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Some of Denmark's older stars have handed Morten Olsen a selection dilemma ahead of the Euros due to their poor performances in the 3-1 loss to Brazil

COMMENT
By Michael Hansen | Denmark Expert

Surely what better way is there to prepare for Euro 2012 than to face Brazil in a warm-up friendly? Well that's what Denmark must have been thinking as they prepared for life in Poland and Ukraine, where they have been drawn in the so-called Group of Death alongside Portugal, Netherlands and Germany.

Two hours later and after suffering a disappointing 3-1 defeat at the hands of the South Americans in Hamburg, Morten Olsen must be ruing the decision to face up against the five-time world champions with confidence damaged and a squad deflated just a fortnight away from their opening match of the tournament.

Olsen, who heads into the Euros as the longest-reigning international coach at the competition, deployed his usual defensive 4-3-3 formation which reverts back to a 4-5-1 when the Danes are not in possession, yet their three-man midfield struggled with the intensity of Brazil's flowing game.

It was evident from the early stages that the Danish defence were going to encounter problems with the power and strength of Hulk and his striking partner, Leandro Damiao. Daniel Agger and Simon Kjaer are the obvious choices on paper at the back for the Scandinavian nation yet on their showing versus the Samba stars, Olsen may be left with the dilemma of breaking up the partnership ahead of the European Championship.

MATCH FACTS | Denmark 1-3 Brazil

 Shots

 On Target
 Possession
 Corners
 Bookings
 Red Cards
DENMARK
7
4
  43%
3
0
0
BRAZIL
9
5
  57%
3
0
0
They were not the only established stars to struggle on Saturday, though. Thomas Sorensen continues to receive the backing of the veteran trainer, yet is the 35-year-old nearing the end of his international career? After a mistake from Christian Poulsen, the Stoke City shot-stopper was beaten far too easily by Hulk for the opening goal of the game and continued to look shaky until a knock in the 25th minute appeared to be a blessing in disguise for the Danes as Stephan Andersen entered the game between the sticks.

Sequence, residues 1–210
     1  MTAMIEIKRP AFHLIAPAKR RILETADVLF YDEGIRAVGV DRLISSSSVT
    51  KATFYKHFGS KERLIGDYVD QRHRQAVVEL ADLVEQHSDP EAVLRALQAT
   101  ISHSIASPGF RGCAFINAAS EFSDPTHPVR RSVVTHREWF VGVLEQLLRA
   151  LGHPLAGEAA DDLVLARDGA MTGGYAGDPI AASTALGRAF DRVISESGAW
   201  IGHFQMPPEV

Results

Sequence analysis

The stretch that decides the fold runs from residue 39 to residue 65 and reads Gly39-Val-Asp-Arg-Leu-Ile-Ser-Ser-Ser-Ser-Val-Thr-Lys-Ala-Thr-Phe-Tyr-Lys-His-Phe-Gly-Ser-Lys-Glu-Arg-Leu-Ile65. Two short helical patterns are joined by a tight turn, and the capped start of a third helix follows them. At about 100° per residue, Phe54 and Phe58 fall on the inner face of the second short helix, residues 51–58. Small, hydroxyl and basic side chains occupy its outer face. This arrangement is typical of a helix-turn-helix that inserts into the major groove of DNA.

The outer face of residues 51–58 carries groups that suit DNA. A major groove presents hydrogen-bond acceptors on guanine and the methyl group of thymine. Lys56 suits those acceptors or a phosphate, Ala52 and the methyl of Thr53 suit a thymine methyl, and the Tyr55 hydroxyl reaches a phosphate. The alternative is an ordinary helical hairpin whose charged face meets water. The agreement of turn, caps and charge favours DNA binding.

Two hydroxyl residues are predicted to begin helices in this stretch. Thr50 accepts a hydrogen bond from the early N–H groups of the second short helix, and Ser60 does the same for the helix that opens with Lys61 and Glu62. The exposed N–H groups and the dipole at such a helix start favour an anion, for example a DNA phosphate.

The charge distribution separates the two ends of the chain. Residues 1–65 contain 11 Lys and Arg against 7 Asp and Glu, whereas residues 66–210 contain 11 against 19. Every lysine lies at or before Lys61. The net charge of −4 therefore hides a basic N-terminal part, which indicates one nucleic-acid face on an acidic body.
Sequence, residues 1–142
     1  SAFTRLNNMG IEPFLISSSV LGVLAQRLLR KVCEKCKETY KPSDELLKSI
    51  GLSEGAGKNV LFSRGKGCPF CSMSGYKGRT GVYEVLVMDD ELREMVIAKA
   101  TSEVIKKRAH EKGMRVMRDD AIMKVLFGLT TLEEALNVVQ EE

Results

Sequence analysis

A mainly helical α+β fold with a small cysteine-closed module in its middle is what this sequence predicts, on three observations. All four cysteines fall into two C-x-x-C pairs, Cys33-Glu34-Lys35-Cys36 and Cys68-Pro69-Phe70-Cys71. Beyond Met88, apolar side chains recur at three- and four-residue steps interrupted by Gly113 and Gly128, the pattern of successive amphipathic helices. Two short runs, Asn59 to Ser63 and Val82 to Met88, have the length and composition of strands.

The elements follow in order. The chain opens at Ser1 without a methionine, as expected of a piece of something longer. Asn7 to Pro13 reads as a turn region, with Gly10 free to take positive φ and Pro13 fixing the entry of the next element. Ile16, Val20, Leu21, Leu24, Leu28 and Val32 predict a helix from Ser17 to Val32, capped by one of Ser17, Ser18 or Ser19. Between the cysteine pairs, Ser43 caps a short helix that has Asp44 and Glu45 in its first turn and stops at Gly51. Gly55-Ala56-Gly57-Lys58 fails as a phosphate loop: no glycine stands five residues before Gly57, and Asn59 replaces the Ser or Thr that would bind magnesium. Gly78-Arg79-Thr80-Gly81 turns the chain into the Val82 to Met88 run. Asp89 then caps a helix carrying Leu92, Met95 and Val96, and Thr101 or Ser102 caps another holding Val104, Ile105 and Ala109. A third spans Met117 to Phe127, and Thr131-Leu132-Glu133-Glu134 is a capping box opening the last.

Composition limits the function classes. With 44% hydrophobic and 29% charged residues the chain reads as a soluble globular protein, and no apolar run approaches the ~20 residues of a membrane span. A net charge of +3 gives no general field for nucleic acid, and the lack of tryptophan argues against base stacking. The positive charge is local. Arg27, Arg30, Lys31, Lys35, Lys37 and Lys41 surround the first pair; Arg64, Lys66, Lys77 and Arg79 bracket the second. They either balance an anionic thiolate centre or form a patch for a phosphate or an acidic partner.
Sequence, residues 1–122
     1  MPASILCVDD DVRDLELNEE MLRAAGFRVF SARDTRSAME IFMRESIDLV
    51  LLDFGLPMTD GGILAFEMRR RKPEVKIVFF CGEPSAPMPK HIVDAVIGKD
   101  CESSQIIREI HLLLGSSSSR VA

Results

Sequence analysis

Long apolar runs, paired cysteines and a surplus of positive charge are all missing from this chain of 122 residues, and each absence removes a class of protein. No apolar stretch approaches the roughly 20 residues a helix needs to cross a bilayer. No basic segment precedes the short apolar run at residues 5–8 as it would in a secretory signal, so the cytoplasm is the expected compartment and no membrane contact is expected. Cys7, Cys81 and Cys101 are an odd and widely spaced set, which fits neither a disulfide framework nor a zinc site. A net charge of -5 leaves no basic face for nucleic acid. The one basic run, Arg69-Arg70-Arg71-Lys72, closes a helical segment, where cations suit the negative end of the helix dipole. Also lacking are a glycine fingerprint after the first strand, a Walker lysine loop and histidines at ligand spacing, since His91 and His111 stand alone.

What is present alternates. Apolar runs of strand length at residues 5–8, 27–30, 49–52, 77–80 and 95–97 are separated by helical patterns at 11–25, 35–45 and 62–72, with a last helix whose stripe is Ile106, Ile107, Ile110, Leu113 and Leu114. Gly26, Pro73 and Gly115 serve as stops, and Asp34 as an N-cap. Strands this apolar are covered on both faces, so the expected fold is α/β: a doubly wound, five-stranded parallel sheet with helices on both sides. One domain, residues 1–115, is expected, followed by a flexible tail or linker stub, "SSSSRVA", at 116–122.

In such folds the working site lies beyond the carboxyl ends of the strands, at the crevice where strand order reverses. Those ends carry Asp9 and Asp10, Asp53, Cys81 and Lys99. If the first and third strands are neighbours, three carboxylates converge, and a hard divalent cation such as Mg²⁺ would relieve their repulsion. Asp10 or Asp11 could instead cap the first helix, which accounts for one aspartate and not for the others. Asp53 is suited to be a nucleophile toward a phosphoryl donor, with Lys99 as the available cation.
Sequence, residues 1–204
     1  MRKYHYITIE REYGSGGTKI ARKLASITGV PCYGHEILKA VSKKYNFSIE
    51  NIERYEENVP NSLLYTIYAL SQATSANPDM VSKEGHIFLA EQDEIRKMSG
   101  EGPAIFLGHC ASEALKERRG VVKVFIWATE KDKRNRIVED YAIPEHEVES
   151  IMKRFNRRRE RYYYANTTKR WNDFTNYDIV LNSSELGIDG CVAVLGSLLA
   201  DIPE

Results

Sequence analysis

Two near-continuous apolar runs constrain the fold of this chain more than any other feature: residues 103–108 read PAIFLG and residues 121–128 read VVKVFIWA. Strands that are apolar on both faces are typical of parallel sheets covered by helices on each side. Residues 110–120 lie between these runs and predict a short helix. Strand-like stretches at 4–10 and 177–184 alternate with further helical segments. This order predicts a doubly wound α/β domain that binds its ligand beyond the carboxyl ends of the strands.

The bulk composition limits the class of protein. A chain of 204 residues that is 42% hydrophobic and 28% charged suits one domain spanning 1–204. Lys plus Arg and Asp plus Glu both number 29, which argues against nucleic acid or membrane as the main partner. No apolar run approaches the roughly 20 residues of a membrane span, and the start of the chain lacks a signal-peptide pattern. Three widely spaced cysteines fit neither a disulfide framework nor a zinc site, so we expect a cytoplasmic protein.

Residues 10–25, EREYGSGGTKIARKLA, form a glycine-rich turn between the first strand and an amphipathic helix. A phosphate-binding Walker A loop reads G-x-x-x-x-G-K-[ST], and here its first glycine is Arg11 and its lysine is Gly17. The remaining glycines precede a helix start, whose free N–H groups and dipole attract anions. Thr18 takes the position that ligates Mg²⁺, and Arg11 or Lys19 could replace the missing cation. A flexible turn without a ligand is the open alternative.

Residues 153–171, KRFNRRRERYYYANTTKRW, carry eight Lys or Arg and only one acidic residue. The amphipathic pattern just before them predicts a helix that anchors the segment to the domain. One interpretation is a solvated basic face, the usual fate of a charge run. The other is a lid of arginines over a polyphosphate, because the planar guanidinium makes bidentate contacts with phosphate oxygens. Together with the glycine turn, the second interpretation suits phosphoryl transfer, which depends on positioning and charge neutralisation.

The 30-year-old looked fairly solid and must be considered for a starting role in the nation's next friendly versus Australia on Saturday. However, it is Anders Lindegaard who many believe to be Sorensen's natural successor and if it wasn't for his recent injury, the Manchester United custodian would have surely be given the opportunity to shine against Brazil.

Another player who flattered to deceive for Denmark was Poulsen, who looked wildly out of sorts on Saturday, and with Christian Eriksen and Niki Zimling looking odds-on for starting roles in the centre of the field, it is the former Liverpool and Juventus defensive midfielder who is fighting for a regular role at the Euros. William Kvist and Jakob Poulsen are both waiting in the wings and will need to grab a first-team slot with both hands if given the chance against Australia.

There were a few bright sparks for Olsen with Lass Schone and Michael Krohn-Dehli looking lively in attack while Dennis Rommedahl's cameo role proved the wily winger still has the pace in his locker to worry the majority of full-backs in the game. It's just a question of consistency for the 33-year-old, as it has always been during his career.

Daniel Wass and Simon Poulsen performed impressively in the full-back positions and are ready for starting roles at the Euros, with Poulsen in particular looking full of attacking intent combined with the concentration levels required to play in defence.

Nikolas Bendtner remains an enigma. The confident striker managed to grab a consolation for Denmark and despite having a respectable 18 international strikes in 47 appearances, the man who spent last season on-loan at Sunderland was rather anonymous for large spells of the match. Does he have any serious competition for the lone striker role, though? It appears not.

Despite a fairly insipid performance, Denmark can take some joy from the fact that, also on Saturday, Germany and Netherlands both lost to fairly ordinary opposition in Switzerland and Bulgaria respectively while Portugal could only manage a goalless draw against Macedonia.

Still, if the Danes are to stand any chance of causing any surprises in the Euros, just as they did by winning the tournament in 1992, changes need to made and fast. Otherwise, an early exit appears on the horizon.

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